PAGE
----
Panjiva’s seaborne shipping data shows that firms importing products in the capital goods sector include JCB, Doosan Infracore and Liebherr. There’s some evidence of stockpiling already with seaborne shipments linked to JCB having increased by 41.9% year over year in the three months to Aug. 31, while those associated with Doosan have climbed by 73.0%. Not all companies are stockpiling though, with shipments associated with Liebherr down by 26.0% over the same period.


Chart segments U.S. seaborne imports of capital goods potential targeted for tariffs by shipper on a monthly and three-month average basis.  Source: Panjiva

U.S. Section 232 Automotive Sector Review – The stick that may be a damp squib

The U.S. section 232 “national security” review of the automotive industry was completed in February, but President Trump has until mid-November to make a decision. There’s the possibility that Congressional pressure could lead to an earlier release of the underlying report, Inside Trade reports.

Ultimately though the tariffs may prove to be a damp-squib as most U.S. automotive imports have already been excluded via earlier trade deals including USMCA, South Korea and probably Japan which together accounted for 71.3% of the $353.8 billion of automotive parts and vehicles imported in the 12 months to Aug. 31.

That leaves the EU which accounted for 18.3% and China with 4.7% that are likely to be targeted unless there is progress on trade negotiations with those parties. In the case of the EU 14.6% points of the 18.3% are vehicles, where it will be difficult to make a national security argument.

If only imports of parts are considered in the review then just $43.3 billion of imports, or 12.2% of the industry total, could be set to be at risk from the tariffs. The new rules may even just focus on high technology parts for electric and autonomous vehicle systems. As a counterpoint though unions, including the UAW which is currently striking against General Motors, may not accept a partial deal that doesn’t replicate the breadth of coverage of the earlier section 232 review of the steel industry (see below).


Chart segments U.S. imports of auto parts and vehicles on a trailing 12 month basis by origin.  Source: Panjiva

U.S.-Japan – Maximizing the mini-deal

While a mini-deal with Japan has already been agreed the text of the agreement calls for a comprehensive trade deal to be reached within four months of the formal signing of the mini-deal. The whole thing would likely then have to pass through the U.S. Congressional TPA process – as well as the Japanese Parliament – before coming into force.

Much of the focus on the deal so far has been in relation to potential winners from the mini-deal in agriculture and a few items in capital goods. A full deal would, however, help U.S. businesses more broadly by cutting a wide range of industrial tariffs.

Some of the highest are in titanium products (HS 8108.20) at a rate of 15.0% while imports of valve and bearing components (HS 8481 and 8482) carry duties of up to 5.8%. Seaborne imports of those products have been recovering recently with total U.S. seaborne imports of them up by 24.5% year over year in the three months to Aug. 31. The largest importers may include NSK, whose shipments increased by 15.8% year over year in the same period alongside Jtekt which experienced an increase of 14.9%.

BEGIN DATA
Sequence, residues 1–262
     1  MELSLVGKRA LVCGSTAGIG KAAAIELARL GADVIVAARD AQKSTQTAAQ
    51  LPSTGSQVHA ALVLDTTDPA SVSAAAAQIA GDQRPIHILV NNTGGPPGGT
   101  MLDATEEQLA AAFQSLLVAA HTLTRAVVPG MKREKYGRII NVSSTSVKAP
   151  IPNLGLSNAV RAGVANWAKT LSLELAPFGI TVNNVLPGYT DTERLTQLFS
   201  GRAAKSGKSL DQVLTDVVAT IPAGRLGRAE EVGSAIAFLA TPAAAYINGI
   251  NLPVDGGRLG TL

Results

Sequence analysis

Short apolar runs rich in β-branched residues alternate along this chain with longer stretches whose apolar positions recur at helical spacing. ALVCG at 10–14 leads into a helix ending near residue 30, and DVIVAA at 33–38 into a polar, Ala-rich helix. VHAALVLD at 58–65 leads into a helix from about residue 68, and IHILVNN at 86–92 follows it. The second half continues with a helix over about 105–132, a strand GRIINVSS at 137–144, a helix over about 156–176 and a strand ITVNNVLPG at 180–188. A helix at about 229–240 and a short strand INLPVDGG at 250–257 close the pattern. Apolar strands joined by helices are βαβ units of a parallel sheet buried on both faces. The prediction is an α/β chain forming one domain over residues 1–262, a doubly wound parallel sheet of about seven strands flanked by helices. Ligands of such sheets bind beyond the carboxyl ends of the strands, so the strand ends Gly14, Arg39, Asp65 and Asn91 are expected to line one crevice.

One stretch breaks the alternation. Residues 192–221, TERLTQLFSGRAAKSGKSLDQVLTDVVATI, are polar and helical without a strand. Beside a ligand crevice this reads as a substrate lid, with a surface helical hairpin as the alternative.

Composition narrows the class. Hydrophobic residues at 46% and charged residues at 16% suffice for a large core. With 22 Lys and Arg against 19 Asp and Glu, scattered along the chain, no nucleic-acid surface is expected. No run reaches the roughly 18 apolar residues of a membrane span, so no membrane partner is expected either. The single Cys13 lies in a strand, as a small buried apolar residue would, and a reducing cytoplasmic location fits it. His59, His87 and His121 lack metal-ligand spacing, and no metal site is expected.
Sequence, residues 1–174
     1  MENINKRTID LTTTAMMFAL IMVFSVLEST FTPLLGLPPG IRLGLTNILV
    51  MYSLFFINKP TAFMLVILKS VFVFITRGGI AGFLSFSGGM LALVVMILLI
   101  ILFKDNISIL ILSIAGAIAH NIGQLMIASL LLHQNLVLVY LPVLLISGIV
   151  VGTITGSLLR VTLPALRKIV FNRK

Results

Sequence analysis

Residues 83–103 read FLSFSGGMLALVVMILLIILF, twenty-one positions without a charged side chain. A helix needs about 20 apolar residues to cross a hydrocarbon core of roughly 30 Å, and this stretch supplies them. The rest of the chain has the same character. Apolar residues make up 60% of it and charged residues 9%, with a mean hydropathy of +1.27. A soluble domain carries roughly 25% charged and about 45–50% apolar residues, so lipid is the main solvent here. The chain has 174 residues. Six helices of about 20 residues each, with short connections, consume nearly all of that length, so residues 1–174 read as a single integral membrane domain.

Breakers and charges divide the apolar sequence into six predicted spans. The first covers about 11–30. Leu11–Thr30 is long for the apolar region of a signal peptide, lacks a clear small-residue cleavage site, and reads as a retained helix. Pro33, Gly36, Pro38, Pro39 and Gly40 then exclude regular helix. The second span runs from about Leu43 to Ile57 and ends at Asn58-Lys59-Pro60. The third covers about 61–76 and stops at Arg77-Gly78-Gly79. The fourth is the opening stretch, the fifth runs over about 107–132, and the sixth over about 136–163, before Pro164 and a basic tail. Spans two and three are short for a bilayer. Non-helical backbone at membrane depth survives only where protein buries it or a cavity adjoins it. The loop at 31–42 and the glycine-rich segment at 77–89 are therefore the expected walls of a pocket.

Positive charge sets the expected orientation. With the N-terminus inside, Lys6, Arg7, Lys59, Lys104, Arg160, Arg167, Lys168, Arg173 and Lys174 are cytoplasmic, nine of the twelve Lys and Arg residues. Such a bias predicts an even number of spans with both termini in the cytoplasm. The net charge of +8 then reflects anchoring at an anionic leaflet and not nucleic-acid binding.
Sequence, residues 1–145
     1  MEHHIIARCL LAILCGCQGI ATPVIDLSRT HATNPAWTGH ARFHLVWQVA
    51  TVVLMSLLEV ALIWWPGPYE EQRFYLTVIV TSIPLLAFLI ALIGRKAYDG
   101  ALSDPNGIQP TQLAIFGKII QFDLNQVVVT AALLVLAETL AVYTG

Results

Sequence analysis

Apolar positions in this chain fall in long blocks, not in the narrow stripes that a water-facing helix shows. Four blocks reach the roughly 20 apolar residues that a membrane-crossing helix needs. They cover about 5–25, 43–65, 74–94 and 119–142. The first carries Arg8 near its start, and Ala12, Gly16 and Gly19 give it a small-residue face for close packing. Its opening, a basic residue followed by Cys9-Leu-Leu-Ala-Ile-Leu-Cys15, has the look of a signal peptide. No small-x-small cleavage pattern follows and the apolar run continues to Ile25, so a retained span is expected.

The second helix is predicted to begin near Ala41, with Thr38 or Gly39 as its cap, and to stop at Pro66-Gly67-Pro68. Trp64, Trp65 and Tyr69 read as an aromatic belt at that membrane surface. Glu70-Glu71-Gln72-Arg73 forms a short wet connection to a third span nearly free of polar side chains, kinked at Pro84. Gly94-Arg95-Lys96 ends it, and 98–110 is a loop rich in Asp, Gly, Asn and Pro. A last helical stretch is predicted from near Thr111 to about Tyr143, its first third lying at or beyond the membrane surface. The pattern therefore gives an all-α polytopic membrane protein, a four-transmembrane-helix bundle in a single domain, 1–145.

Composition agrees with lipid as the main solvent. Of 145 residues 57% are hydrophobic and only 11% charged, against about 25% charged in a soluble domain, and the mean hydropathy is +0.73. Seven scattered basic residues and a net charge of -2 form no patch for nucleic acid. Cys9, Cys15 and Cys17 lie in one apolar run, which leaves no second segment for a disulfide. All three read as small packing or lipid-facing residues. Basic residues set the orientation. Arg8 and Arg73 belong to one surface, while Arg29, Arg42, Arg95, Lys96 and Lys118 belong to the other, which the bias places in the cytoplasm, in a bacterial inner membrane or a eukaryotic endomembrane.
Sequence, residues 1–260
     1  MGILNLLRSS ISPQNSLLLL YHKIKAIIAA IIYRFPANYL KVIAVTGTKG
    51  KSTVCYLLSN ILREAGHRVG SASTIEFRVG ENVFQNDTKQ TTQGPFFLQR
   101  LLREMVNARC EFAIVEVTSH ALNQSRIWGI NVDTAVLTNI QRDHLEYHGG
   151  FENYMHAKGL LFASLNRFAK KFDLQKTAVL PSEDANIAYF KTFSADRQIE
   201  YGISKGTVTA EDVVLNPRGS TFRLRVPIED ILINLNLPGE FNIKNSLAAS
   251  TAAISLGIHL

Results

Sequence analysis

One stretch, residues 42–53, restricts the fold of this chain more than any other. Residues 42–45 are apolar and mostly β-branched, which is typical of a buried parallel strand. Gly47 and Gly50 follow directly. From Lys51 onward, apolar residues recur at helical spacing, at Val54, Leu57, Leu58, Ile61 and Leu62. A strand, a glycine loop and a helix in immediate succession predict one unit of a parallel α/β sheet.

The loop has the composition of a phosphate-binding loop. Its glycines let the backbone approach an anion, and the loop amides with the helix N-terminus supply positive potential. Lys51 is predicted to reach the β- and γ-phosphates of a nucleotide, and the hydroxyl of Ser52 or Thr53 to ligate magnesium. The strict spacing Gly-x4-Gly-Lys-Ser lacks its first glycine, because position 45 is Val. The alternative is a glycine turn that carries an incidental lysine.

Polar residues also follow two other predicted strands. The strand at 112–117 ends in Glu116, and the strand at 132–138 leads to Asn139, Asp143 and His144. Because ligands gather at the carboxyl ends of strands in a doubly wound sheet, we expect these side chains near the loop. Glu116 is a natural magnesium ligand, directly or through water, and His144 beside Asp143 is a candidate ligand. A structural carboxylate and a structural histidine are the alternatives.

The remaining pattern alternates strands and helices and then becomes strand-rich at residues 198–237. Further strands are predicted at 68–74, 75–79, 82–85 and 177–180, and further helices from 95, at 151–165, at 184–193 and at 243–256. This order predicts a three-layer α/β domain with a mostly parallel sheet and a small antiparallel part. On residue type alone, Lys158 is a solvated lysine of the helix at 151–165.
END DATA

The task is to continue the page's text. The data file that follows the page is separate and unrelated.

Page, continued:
Chart segments U.S. seaborne imports of selected valves and bearings from Japan by consignee on a monthly and three-month average basis.  Source: Panjiva

U.S.-India – Gasping for GSP, but drugs means its not desperate

The U.S. and India don’t have a formal trade negotiating process underway, and with elections having passed on India’s side there may be little urgency in negotiating a deal. India’s export growth to the U.S. has also been strong with a 10.2% year over year increase in the 12 months to Jul. 31. Yet, the loss of Generalized System of Preferences access from June may trim that growth eventually, providing at least one reason for India to come to the table.

The expansion in India’s exports so far has been driven by non-GSP products. That’s been led by a 16.5% surge in shipments of pharmaceuticals, a 25.0% rise in exports of refined oil products and a 51.1% jump in exports of vehicles.

Exporters of pharmaceuticals may insteady be more exposed to wider U.S. healthcare policy changes than simply trade policy. A bipartisan desire to cut healthcare costs could hinder Indian exporters by increasing competition with shipments from Canada or provide a wider market opportunity by widening access for generic pharmaceuticals.

Leading exporters from India to the U.S. of pharmaceuticals include Aurobindo, whose shipments climbed 20.8% year over year in the 12 months to Jul. 31 to reach $557 million, followed by Dr. Reddy’s with $432 million of shipments after losing ground to Cipla


Chart segments U.S. imports of pharmaceuticals by origin.  Source: Panjiva 

U.S.-Vietnam – The convenient enemy

Should the Trump administration fail to gain traction in negotiations with China or the EU it may look for an alternative “convenient enemy” in the form of Vietnam. The government of Vietnam is already endeavoring to preempt the risk of tariffs – say through a section 301 review – by focussing on preventing transshipment as well as increasing purchases of U.S. liquefied natural gas. 

Vietnam has also been a major beneficiary of companies redesigning their supply chains in response to the U.S.-China trade war, though that has reportedly started to strain infrastructure in Vietnam. The biggest driver in absolute terms of the expansion in seaborne imports to the U.S. from Vietnam has been a 43.2% surge in shipments of furniture, which alone represented 26.7% of the increase in shipping traffic. That was followed by a 46.3% surge in apparel and textile imports as well as a 46.8% jump in footwear

With new tariffs on those product lines shipped from China starting in September and being expanded in December it’s possible that those figures could increase further – alongside the risk of a policy intervention by the U.S. government.


Chart segments U.S. seaborne imports from Vietnam by product (defined at HS-4) on a monthly and 12-month average basis.  Source: Panjiva